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Patients with single distal MCA perfusion lesions have a high rate of good outcome with or without reperfusion


  • Conflict of interest: B. C. has received speaker's honoraria from Novartis and Boehringer Ingelheim and has consulted for Lundbeck. S. D. has served on advisory boards or given lectures for Boehringer Ingelheim, Pfizer, and Sanofi Aventis. R. B. and G. W. A. have equity interest in iSchemaView. G. W. A. has served on advisory boards for Genentech and Lundbeck. All other authors report no conflict of interest.
  • Funding: The DEFUSE study was supported by the National Institutes of Health (NINDS, RO1 NS39325; K24 NS044848). The EPITHET study was supported by National Health and Medical Research Council, Australia; National Stroke Foundation, Australia; Heart Foundation of Australia. The DEFUSE 2 study was supported by the National Institutes of Health (NINDS, K23 NS051372; R01 NS03932505). R. L. is a senior clinical investigator of FWO Flanders.



Reperfusion is associated with good functional outcome after stroke. However, minimal data are available regarding the effect of reperfusion on clinical outcome and infarct growth in patients with distal MCA branch occlusions.


The aim of this study was to evaluate this association and to determine the impact of the perfusion-diffusion mismatch.


Individual patient data from three stroke studies (EPITHET, DEFUSE and DEFUSE 2) with baseline MRI profiles and reperfusion status were pooled. Patients were included if they had a single cortical perfusion lesion on their baseline MRI that was consistent with a distal MCA branch occlusion. Good functional outcome was defined as a score of 0–2 on the modified Rankin Scale at day 90 and infarct growth was defined as change in lesion volume between the baseline DWI and the final T2/FLAIR.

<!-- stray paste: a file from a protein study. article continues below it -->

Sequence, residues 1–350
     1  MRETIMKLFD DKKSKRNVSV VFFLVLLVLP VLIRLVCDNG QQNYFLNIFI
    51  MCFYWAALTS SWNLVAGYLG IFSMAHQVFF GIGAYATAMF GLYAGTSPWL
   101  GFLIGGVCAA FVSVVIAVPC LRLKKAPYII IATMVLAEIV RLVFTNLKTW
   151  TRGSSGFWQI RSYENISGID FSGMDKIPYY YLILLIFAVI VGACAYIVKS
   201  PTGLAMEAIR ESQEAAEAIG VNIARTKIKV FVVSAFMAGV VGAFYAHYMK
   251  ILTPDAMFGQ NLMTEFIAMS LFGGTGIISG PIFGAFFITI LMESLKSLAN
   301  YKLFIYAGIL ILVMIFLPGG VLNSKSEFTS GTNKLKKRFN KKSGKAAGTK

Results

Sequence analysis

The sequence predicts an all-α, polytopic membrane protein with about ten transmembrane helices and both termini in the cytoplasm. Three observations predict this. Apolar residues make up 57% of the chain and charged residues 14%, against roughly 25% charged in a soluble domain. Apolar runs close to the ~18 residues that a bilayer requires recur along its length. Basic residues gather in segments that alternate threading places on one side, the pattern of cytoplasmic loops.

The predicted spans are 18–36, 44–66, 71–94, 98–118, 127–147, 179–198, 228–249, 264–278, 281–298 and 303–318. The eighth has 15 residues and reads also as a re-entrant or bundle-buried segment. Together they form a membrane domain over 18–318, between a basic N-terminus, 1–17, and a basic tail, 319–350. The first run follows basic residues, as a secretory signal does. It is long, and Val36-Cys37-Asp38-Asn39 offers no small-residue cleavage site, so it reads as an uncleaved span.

Thirty patients met inclusion criteria. Eighteen (60%) had a good functional outcome and twenty (67%) had reperfusion. Reperfusion was not associated with good functional outcome in the overall cohort (OR: 1·0, 95% CI 0·2–4·7) and also not in the subset of patients with a PWI-DWI mismatch (n = 17; OR: 0·7, 95% CI 0·1–5·5). Median infarct growth was modest and not significantly different between patients with (0 ml) and without reperfusion (6 ml); P = 0·2.


The overall high rate of good outcomes in patients with distal MCA perfusion lesions might obscure a potential benefit from reperfusion in this population. A larger pooled analysis evaluating the effect of reperfusion in patients with distal MCA branch occlusions is warranted as confirmation of our results could have implications for the design of future stroke trials.